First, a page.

I figured that I would know after jump 3 (the big red wagon) how the rest of the course was going to go. As usual I wanted to come out of the startbox positive, getting him thinking forward right away. If you can get Henry convinced that he’s running away with you a bit (which he isn’t, but he thinks he might be) at the beginning and jump a couple of fences from a more open gallop, his confidence swells. He came out of the box all business, pinged over fence 1, and when I landed and put my leg on, he eagerly dug in and galloped away. At that point I thought “Hmm… I think this might be a good day…”. We jumped the big rolltop at 2 out of stride, then wove around the mound to the wagon. I saw the distance as soon as we came around the corner and so did Henry, and again, we galloped over it right out of stride. A huge smile crept onto my face at this point and I let out a “HELL YEAH GOOD BOY”. As predicted, by jump 3 I knew how it was going to go… and I knew we had this.

fence 1

We wove through the woods over the combination at 4ab, down the big log stack with the dropped landing, over the skinny, and then up and over the Irish bank. The chevron came up fast off of a short turn but Henry never even blinked, just popped over and kept right on galloping through the trees to the trakehner. Clearly for our first Prelim I wasn’t worried about time at all… I hadn’t even worn my watch, nor was I going to press him for speed. Trying to make 520mpm would basically be a flat out gallop for Henry, and I wanted to just let him gallop at a comfortable pace and focus on having good jumps. It sure seemed like everything came up one after the other really quickly as it was, without many long gallop stretches. I guess that’s the effect of riding through the woods versus out in the open.

PHPrelimTrak
He’s a beast

After the trakehner we had a narrow rolltop out of the woods, coming back into the main field for the water. This was a “busy” spot, with a log down into the water, a skinny on the opposite bank, then immediately to a bending line of arks as we curved back around the water. I sat and whoaed as we came down to the water, taking care to jump in quietly (and slightly to the right) lest we go blasting past the skinny. As soon as we landed from that Henry moved right back up to gallop easily over the arks, landing and powering away, back up the hill. He had plenty in the tank, and he seemed to be having a grand ol’ time as he hopped over the bench like it was a speed bump.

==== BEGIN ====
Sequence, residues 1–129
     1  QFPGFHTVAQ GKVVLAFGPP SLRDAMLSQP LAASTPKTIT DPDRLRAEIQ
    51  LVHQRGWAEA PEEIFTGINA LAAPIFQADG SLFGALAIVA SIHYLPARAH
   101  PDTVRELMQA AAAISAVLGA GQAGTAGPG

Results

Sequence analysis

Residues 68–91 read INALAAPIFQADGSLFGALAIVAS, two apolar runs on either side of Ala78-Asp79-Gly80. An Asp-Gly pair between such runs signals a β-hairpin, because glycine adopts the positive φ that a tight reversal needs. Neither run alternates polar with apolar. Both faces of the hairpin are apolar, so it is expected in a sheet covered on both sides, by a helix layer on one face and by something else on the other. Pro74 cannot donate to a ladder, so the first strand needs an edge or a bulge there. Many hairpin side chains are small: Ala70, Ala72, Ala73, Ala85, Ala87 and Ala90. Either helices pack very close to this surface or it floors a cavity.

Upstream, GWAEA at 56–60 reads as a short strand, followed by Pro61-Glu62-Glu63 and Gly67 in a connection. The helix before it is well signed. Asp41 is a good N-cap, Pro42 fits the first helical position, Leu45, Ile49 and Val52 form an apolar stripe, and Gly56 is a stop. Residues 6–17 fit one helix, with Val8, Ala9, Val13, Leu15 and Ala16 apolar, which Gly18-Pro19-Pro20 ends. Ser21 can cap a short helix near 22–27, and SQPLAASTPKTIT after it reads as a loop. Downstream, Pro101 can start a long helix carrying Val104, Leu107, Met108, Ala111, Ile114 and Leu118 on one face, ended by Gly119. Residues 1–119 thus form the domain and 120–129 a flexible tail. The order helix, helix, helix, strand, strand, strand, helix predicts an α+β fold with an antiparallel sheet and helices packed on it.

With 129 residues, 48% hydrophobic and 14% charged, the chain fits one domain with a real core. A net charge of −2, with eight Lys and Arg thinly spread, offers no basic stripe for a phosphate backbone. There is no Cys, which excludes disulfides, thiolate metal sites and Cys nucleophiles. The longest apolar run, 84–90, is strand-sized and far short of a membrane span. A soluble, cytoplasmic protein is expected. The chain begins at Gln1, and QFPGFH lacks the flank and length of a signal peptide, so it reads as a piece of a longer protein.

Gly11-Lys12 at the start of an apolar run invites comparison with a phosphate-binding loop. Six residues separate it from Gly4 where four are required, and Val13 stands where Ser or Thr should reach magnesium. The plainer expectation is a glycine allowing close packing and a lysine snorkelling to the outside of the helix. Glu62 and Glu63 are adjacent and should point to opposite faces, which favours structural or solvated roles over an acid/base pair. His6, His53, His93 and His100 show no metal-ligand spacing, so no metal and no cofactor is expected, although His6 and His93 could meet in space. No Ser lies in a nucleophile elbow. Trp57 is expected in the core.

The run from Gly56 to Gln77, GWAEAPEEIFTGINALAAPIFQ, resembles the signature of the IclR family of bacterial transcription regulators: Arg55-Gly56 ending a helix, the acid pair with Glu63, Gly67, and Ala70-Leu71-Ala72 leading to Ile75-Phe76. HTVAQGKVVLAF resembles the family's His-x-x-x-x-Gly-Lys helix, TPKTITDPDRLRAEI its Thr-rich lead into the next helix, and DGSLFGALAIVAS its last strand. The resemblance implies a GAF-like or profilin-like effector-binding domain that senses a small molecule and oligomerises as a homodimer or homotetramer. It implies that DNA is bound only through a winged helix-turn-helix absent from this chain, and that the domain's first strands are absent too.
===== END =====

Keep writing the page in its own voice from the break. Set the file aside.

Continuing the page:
The arks after the water. Henny, why you da cutest?

From there we headed to the jump that I thought might be most tricky, a big corner off of a left hand turn, heading back into the woods. The tricky part for my horse was the fact that there was an unflagged fence right where we needed to turn, and I thought Henry might lock onto that one, messing up our approach to the corner. And he did lock onto that one (Henry you are predictable) but I stuck my right spur in and got him turned toward the corner instead, which he locked onto with equal gusto. By this point he was having such a good time I think he would have jumped a tank if I pointed him at one.

img_1661-1
Living his best life

After the corner we curved around the edge of a pond and popped out a few strides away from the brushy boat table (I dunno what else to call it, it’s a table with an orange boat on the front face and brush on the top). He jumped the freaking snot out of that, stumbling a little on landing but quickly righting himself back up and galloping on. From there we went to the downhill bank combo – a skinny rolltop, two strides to a downbank, then down the hill to a chevron with a dropped landing. That put us back into the main field once again for the last two fences – the train and the big ugly last table. The train was easy peasy, and I came up to the table thinking “ok, self, don’t mess this up”. And then, there it was, the nice forward distance, and we closed the last 5 strides to get up to that thing perfectly. He jumped it like a freaking superstar, with room to spare. Definitely not tired.

And then we crossed through the finish flags, and then trainer yelled “YOU HAVE A PRELIM PONY!” (which you can hear in the video) and then cue all the bawling that I already wrote about on Monday. We racked up plenty of time faults, as expected, but we were clear. We finished. We did it. We actually fucking did it. Days later I’m still pinching myself, and still stuffing Henry full of cookies.

It was a totally respectable round too, not even a case of survival. I felt like I made mostly good decisions, and my horse felt like he was brimming with confidence. He had plenty left in the tank, definitely could have gone faster, and strutted back to the barn like the damn unicorn he is.

PrelimPony
Winner by default, but if you ask me, he earned it.

It was one of the best rides of my lifetime, and I don’t think I’ll ever forget it.

Pine Hill Dec HT: Part 1